Economic Opportunity and Community Building at Boston’s African Meeting House
The African Meeting House in Boston became a center of the city’s free black community during the nineteenth century. Archaeological excavations at this site recovered material from the Meeting House backlot and a neighboring apartment building occupied by black tenants. These artifacts reveal strategies the community used to negotiate a place for themselves, create economic opportunities, and build community institutions. The Meeting House helped foster community success and became a powerful center for African American action on abolition, educational equality, and military integration. This paper emphasizes how archaeological and historical evidence from the African Meeting House demonstrates the power of the actions of individuals in the black community.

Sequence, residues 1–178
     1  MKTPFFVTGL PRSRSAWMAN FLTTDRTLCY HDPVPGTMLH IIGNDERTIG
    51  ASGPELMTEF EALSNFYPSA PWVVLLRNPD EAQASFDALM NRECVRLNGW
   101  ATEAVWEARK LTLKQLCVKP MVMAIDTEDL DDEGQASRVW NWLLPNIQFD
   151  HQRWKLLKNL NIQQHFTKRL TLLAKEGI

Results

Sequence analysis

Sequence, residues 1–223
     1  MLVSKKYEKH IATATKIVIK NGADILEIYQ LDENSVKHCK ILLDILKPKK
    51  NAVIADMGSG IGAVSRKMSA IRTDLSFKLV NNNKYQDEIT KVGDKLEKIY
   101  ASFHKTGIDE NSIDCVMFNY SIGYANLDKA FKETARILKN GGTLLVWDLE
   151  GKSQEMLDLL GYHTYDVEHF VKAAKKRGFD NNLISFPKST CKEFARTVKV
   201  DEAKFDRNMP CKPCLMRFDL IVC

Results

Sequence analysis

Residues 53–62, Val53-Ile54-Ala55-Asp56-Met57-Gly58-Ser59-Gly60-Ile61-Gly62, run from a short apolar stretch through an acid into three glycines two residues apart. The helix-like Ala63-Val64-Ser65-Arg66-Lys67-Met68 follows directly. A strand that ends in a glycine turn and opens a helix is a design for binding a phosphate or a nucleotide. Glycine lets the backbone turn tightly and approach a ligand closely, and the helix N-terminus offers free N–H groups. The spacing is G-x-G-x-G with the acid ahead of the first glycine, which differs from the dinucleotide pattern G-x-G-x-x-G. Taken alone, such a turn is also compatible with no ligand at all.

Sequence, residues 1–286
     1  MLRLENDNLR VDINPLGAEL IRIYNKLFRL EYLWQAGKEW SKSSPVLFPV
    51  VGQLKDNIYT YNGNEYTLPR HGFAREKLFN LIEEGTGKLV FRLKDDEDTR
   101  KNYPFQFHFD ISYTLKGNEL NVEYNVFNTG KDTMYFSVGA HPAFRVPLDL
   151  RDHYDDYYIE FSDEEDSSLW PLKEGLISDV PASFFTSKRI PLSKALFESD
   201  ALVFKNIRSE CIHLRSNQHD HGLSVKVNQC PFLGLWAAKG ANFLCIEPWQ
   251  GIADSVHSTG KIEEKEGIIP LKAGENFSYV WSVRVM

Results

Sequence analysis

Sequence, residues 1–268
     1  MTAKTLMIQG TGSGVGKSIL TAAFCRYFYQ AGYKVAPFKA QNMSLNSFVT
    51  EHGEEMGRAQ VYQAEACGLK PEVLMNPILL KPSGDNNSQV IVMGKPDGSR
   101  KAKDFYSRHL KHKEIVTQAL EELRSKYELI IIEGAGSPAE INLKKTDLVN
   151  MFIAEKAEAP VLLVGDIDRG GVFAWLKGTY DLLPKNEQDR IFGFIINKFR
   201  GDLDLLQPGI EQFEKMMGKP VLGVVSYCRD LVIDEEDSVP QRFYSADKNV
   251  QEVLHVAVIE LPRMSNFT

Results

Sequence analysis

This Resource is Part of the Following Collections
- Society for Historical Archaeology 2014 •
- ‘Black Yankees’ and the African Diaspora: Contemporary Perspectives on the Archaeology of African Americans in New England
Cite this Record
Economic Opportunity and Community Building at Boston’s African Meeting House. David Landon, Teresa Bulger. Presented at Society for Historical Archaeology, Quebec City, Quebec, Canada. 2014 ( tDAR id: 436912)